Even without the accompanying hand-drawn image, the strapline ‘I am a woman giving birth to myself’ was an arresting statement on the front page of the newsletter of Swansea Women’s Liberation Group in 1974.

Often misunderstood and sometimes maligned, the movement that was brought to life in the south of Wales in the early 1970s changed individuals’ lives, altered public attitudes, reshaped the priorities and policies of local authorities and government, and launched a generation of women into public life.

Groups such as Cardiff Women’s Action Group, Wales Women’s Rights Committee and Swansea Women’s Liberation Group took up the cudgels over myriad issues and the results of their efforts can be discerned today.

Dr Rachel Lock-Lewis is the Co-director of the Centre for Gender Studies at the University of South Wales, and is an expert in the Women's Liberation Movement which was born in the 1970s.Dr Rachel Lock-Lewis is the Co-director of the Centre for Gender Studies at the University of South Wales

One of the most pressing tasks the movement was obliged to undertake in its early years was defending the 1967 Abortion Act against proposals to amend it. These intrepid women faced hostility from much of the press and some sections of society but organised meetings, went on protest marches, handed out leaflets and lobbied MPs anyway.

Perhaps surprisingly, securing a legal termination was particularly difficult in Cardiff compared to many other cities in Britain so they fought to secure women’s rights to access this service.   

Through tireless effort, Women’s Aid groups and refuges were set up across Wales and by 1978 had combined to form Welsh Women’s Aid. A highlight of this achievement is the International Women’s Aid Conference held in Cardiff in October 1988 which drew delegates from 36 countries, sent a request to the UN to declare an international year on violence against women and was described as a ‘large and unprecedented violence-to-women forum’.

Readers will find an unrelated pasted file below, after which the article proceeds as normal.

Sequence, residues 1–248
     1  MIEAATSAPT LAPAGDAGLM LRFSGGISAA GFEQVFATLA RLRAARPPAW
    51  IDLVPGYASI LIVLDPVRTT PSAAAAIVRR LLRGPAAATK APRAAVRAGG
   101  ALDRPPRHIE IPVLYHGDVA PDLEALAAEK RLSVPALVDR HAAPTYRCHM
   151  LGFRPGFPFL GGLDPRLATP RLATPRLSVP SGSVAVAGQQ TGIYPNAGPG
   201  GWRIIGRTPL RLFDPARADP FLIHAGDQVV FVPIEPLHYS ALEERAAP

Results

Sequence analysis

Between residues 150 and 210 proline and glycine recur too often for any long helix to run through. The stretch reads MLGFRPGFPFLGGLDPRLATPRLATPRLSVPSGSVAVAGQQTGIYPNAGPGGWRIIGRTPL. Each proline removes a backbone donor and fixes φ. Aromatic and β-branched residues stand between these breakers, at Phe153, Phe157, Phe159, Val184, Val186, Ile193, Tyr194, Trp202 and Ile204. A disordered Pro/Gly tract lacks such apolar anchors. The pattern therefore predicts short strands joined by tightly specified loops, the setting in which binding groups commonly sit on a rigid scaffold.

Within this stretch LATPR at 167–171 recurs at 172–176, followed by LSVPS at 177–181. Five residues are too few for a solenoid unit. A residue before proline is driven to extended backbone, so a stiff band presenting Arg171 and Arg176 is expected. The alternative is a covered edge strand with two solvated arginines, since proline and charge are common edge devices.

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They also organised Reclaim the Night Marches, chanting the slogan ‘Whatever we wear, wherever we go, yes means yes and no means no!’ and challenged pornographic images in the public domain by asking newsagents to stop displaying ‘girly’ magazines and getting the manager of a kitchenware shop to remove the mannequin dressed in a ‘French maid’ outfit from the window.   

The high rate of women’s unemployment by the early 1980s was the hidden story of Wales’ economic distress. The movement drew attention to the double whammy of unemployment and cutbacks in spending on social services, arguing that they were forcing many women ‘back to the kitchen sink’ (a point illustrated on one march by carrying a kitchen sink through Cardiff).

They also took on issues of unequal pay, low pay, and unequal opportunities in education, training, employment and promotion, taking every chance to remind offending parties of their legal obligations. They took action over issues they saw as threats to the very essence of Wales, whether from nuclear weapons and waste, threats to the Welsh language, or the closure of coalmines.

As well as pressurising health authorities to maintain and improve services to women, they took matters into their own hands by collating and disseminating information on topics such as contraception, abortion, natural childbirth, cystitis and hormone replacement therapy.

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Further embracing the principle of self-help, they started up groups for women who were newly divorced or separated, breastfeeding or menopausal and ran training courses on stress management, assertiveness, self-defence, plumbing, carpentry, plastering, painting and decorating. They staffed phonelines such as Lesbian Line, an incest phoneline for survivors of abuse and a rape crisis helpline. When their tenacious petitioning of councils to put money into women’s centres bore fruit, they then staffed the centres to provide services such as counselling for rape victims, advice on social security benefits and housing, and information about women’s groups.     

Recognising the dearth of women in political and executive positions in Wales, they wrote and delivered courses to equip women to enter public life, take on more active roles within organisations, and take on leadership roles. Identifying the paucity of research on the history of women in Wales, they held exhibitions and day schools to address this and to draw inspiration from the past.   

The movement that was born in the early 1970s and was very much ‘alive and kicking’ in the last three decades of the twentieth century, came of age in 1999. The devolved Welsh Government has maintained notably high numbers of female Senedd Members and cabinet ministers, especially when compared with the Westminster Government.

In 2018 the Welsh Government made a bold commitment to become a ‘feminist government’ with the (then) First Minister, Carwyn Jones, pledging to put ‘gender equality at the heart of everything it does’.

This is only part of the legacy of these intrepid, resourceful and tenacious women, whose story deserves to be told.   

Dr Rachel Lock-Lewis is Co-director of the Centre for Gender Studies at the University of South Wales.

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